The pool side bar and the Sky Bar located one level up overlooking the patio area with views out to sea are also very pleasant venues where the conversation seems less stilted and the bar tenders treat everyone like a regular in a local pub. They are also amazingly attentive. I happened to notice that an order of caviar was languishing behind the bar in the mid-Atlantic sun one day and remarked to Patti that it was difficult even in my squiffy state to watch wonderful caviar slowly turn to fish oil. The bartender came over from the far side of the bar and asked me if I wanted the caviar, which had been orphaned by some high roller who could not be bothered to wait the ten minutes it took to reach him at poolside and had decamped for other parts of the ship.
Speaking of caviar, Seabourn claims to serve it in unlimited quantities, and while this claim is technically untrue, it was certainly ubiquitous for the asking during our two weeks aboard the Quest. The best event at poolside is the caviar reception where two stations are set up flanking the Patio Grill and enormous cans of sustainable caviar from Uruguay are served up with all the trimmings. MagoGuide does not believe in junking up good caviar with onions, blinis, boiled eggs, etc. So when asked how I wanted it, I told them that I desired an amount rivaling a good sized cowpat with a mother of pearl spoon. The servers did not even bat an eye. Advantage Seabourn!! Do I need to add that one could bathe in the amount of champagne poured over the next hour?
There was another outside party at the pool where we enjoyed the food as well. This party included a live band. Here are some photos showing off the fare.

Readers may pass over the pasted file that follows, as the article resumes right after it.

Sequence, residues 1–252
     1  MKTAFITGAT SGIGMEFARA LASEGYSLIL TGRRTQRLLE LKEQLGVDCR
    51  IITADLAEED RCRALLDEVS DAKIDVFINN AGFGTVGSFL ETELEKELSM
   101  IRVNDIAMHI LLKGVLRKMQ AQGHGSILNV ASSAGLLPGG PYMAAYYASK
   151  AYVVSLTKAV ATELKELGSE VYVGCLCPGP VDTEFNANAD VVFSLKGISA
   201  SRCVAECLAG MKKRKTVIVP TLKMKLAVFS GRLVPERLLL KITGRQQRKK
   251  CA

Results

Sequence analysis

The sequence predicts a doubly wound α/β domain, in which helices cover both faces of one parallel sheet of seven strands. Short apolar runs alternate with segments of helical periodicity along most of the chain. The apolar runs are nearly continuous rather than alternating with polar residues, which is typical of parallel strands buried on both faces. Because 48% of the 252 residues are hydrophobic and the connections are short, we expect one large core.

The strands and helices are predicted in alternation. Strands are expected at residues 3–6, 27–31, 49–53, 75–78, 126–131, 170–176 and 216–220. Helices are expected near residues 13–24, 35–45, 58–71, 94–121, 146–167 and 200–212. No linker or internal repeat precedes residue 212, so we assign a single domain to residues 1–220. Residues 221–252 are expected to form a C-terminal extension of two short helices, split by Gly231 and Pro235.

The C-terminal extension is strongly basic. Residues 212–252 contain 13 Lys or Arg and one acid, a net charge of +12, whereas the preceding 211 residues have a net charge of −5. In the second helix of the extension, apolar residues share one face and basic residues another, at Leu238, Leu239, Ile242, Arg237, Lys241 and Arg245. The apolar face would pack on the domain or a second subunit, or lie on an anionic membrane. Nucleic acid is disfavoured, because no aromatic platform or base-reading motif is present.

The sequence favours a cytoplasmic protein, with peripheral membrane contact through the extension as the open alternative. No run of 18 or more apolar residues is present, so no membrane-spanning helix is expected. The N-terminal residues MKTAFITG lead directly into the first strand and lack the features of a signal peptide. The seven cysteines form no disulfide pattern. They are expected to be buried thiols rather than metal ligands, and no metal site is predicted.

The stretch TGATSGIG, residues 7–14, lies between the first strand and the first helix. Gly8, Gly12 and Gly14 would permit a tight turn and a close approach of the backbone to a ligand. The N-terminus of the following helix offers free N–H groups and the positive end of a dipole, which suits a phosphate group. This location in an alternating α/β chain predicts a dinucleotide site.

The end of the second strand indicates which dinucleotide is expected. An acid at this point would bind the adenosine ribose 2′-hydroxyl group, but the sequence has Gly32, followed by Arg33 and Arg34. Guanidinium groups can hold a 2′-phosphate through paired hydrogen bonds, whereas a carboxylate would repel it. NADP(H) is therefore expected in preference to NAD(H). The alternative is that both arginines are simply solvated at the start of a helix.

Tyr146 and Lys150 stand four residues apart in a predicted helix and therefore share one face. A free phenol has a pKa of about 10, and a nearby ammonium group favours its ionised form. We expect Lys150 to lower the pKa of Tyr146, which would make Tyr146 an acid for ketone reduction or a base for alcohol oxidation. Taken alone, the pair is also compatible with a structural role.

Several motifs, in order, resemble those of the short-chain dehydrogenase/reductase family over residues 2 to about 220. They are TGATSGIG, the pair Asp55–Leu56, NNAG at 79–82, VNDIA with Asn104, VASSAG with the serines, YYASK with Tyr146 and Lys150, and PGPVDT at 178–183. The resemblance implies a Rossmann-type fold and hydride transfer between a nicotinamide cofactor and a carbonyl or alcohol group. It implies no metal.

Some outside areas had their problems as well, however. In particular, the deck five Jacuzzi venue was very badly managed. The two big, warm, and bubbly hot tubs were inevitably shut down around 6PM, just when it would have been nice to get in a warm tub and watch the sunset and stars come out. Alcoholic drink and food were also in very short supply in this area. By contrast the hot tubs in the pool area were open into the evening and you could not twitch without being offered food or drink. Guests were clearly discouraged from indulging in the more private and quiet setting on the fantail. What is up with that?
Service at this location was either non-existent or slip shod throughout the day and evening. For example, the bars were all pouring a wonderful dry French rose, but when I ordered it from a waiter rushing by to his official station inside at the Club Bar, I was served a vile white Zin. He then abandoned me before I could get this wine crime rectified.
More Great Features of the Quest
Other things we really liked about the Quest involved maintenance, the gym and spa, Seabourn Square, and the (unique in our experience) means of dealing with “sea lag.”